Akassoglou has spent much of her career studying the role of the blood-brain barrier and fibrinogen in neurological diseases. She previously showed that when blood leaks into the brain, fibrinogen causes inflammation by acting in brain immune cells, which can lead to brain damage.
In the new study, Akassoglou and her team uncovered another, yet unexpected effect of blood leaking into the brain.
“We found that fibrinogen stops adult stem cells from transforming into the mature cells that produce myelin,” explained first author of the study Mark Petersen, MD, a visiting scientist in Akassoglou’s laboratory and an assistant adjunct professor of pediatrics at UCSF. “This blockade could be harmful for regeneration in the brain.”  link

3.  M (motion) Mode ultrasound shows a higher rate of jugular valve irregularities in people with MS, compared to healthy controls.

Researchers noted, using motion mode ultrasound which visualizes blood flow and valve activity, that more people with MS (82%) have fixed, or immobile jugular vein valves.  98% of healthy controls had jugular valves which opened and closed with blood flow.  This created brain outflow abnormalities.     link

4.  Endothelial cells are the interface between lymphatic, immune and vascular system of the CNS.

Researchers are probing further into the importance of vascular endothelial cell health, in light of the new discovery of brain's lymphatic network.

The lymphatic network linking the CNS to draining lymph nodes may contribute to the inflammatory reaction occurring in multiple sclerosis (MS). The abundance and strategic positioning of endothelial cells at the blood-brain barrier level most likely endow them with an important role in controlling local adaptive immune responses, rendering them potential therapeutic targets in neuro-inflammatory such as MS.

Disruption of the blood–brain barrier (BBB) is a defining and early feature of multiple sclerosis (MS) that directly damages the central nervous system (CNS), promotes immune cell infiltration, and influences clinical outcomes. There is an urgent need for new therapies to protect and restore BBB function, either by strengthening endothelial tight junctions or suppressing endothelial vesicular transcytosis.  link

5.  People with MS have cervical lymph nodes which are twice the size of normal people, whether or not they are on immune modulating MS drugs. 

As the cervical lymph nodes are the collection area for the brain's newly discovered lymphatic system, and these nodes drain into the junction of the jugular and subclavian veins, this anomoly needs to be further investigated.

Cervical lymph nodes are the first drainage stations of the brain and therefore play a key role in neuroinflammatory disorders such as multiple sclerosis.  The abnormalities shown by ultrasound in cervical lymph nodes are related to deep ones and independent of the ongoing treatment, suggesting a relationship between lymphatic drainage and disease pathology.  link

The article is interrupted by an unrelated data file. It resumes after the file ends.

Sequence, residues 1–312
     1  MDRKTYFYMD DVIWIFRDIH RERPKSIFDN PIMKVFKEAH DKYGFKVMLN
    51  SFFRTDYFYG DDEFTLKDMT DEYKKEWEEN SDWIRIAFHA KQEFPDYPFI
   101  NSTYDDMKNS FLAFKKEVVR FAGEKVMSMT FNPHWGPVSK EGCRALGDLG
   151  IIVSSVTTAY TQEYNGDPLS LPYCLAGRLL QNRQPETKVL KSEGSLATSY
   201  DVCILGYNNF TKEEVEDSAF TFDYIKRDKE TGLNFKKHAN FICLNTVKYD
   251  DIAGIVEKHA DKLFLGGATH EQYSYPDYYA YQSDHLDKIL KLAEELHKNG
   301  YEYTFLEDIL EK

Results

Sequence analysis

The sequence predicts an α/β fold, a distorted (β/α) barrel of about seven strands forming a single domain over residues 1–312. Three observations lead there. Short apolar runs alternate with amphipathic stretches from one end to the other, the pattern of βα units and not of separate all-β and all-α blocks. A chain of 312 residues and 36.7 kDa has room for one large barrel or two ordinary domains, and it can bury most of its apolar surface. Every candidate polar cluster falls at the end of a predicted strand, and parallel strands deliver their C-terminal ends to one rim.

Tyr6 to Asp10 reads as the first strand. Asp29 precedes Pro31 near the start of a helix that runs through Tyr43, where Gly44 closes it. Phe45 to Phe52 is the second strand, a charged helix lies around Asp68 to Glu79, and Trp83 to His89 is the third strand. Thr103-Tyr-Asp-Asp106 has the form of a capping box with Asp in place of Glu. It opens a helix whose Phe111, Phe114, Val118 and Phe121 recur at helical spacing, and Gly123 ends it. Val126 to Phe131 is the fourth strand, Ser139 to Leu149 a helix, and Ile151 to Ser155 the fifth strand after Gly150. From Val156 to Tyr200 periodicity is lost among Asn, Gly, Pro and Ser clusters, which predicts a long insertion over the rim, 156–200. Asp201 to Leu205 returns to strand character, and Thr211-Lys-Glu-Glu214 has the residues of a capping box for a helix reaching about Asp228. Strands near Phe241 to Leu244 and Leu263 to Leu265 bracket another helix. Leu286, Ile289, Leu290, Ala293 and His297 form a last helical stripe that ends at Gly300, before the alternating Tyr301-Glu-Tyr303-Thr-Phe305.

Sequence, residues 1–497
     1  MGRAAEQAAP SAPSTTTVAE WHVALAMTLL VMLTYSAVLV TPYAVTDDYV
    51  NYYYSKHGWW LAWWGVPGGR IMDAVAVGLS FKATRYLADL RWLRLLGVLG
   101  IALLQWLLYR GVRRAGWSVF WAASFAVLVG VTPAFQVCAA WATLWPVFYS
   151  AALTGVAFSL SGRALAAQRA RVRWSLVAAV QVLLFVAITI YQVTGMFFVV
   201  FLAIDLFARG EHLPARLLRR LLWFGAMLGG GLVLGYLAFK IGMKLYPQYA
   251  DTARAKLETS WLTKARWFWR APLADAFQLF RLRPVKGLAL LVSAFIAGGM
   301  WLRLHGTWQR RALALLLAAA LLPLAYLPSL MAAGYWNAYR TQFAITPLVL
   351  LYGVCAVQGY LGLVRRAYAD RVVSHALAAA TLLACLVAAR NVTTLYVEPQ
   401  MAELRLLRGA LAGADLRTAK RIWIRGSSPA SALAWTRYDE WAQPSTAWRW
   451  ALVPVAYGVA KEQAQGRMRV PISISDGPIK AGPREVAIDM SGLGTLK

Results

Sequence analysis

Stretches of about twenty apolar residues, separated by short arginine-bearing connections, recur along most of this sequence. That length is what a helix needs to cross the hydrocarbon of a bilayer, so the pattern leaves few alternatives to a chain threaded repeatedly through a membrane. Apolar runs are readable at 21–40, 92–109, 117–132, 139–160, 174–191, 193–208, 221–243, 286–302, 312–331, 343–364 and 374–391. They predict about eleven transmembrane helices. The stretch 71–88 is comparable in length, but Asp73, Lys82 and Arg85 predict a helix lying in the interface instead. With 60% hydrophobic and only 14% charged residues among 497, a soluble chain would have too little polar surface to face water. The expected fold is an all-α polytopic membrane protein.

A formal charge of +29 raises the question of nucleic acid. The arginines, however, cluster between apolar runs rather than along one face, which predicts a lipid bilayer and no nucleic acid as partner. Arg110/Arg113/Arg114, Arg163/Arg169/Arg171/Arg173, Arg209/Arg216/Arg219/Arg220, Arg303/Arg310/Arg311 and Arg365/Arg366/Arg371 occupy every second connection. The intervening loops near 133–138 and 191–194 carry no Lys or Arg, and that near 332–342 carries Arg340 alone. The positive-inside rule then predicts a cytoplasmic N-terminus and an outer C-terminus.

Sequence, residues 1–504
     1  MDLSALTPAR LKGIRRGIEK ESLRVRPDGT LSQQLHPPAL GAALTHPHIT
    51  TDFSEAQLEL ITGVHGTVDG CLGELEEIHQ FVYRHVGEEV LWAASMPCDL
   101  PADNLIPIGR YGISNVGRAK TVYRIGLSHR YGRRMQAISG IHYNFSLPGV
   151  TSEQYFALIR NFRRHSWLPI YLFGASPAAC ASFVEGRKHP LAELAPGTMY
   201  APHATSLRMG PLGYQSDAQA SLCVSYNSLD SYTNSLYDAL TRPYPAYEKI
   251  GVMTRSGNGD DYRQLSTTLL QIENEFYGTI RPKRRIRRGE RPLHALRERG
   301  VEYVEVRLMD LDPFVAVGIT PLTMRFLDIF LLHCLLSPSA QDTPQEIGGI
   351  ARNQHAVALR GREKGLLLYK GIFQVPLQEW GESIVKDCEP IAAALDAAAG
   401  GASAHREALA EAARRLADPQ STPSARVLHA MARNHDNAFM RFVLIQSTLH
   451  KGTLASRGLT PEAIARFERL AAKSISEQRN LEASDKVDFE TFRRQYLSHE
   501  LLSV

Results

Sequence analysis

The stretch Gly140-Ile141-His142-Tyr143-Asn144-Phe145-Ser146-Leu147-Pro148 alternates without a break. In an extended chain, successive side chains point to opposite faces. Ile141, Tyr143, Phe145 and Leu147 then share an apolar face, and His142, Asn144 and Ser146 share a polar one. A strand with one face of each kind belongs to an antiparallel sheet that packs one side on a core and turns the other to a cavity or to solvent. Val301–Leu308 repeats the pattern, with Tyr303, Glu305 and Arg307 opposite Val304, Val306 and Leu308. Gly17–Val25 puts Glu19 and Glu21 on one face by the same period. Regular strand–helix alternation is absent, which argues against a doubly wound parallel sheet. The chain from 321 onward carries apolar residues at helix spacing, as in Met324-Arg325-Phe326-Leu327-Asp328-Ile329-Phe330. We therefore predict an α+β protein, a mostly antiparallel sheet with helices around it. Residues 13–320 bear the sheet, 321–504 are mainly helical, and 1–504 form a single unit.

As we can all see, understanding the vascular connection to MS is now expanding in research labs around the globe.  The era of the EAE mouse model of MS as an auto-immune disease is being replaced by an understanding of MS as an inflammatory disease related to cerebral perfusion, the vascular endothelium and lymph system.
And yes, venous function remains integral to this understanding.




  1. Thank you always Joan from me in the UK for all your hard work I appreciate .

    1. You're more than welcome, Lynne! Hoping this information is helpful, as we all continue to learn more about the CNS lymphatic discovery.

  2. Hi Joan,
    Thank for your work, very useful to see you summarise the impact of recent discoveries on vascularity and lymphatics.
    But I think you have only got a small part of the total picture. You must include the viral dimension, in particular herpes, the role of SNPs in viral detection, the gut microbiome-genome relationship and cellular expression, and the all important role of oxidative stress on mitochondria and ATP production.
    If you want further info, please leave me a private message on TIMS.
    Best Leo

    1. Hi Leo,
      I think you have only got a small part of the total picture of this blog, which has 225 posts. I include the "viral dimension", the microbiome, oxidative stress, and mitochondrial research--specifically, as they relate to the endothelium. If you want further info, please use the search bar at the top left corner of the web version page (you won't see it on the phone version)
      Best Joan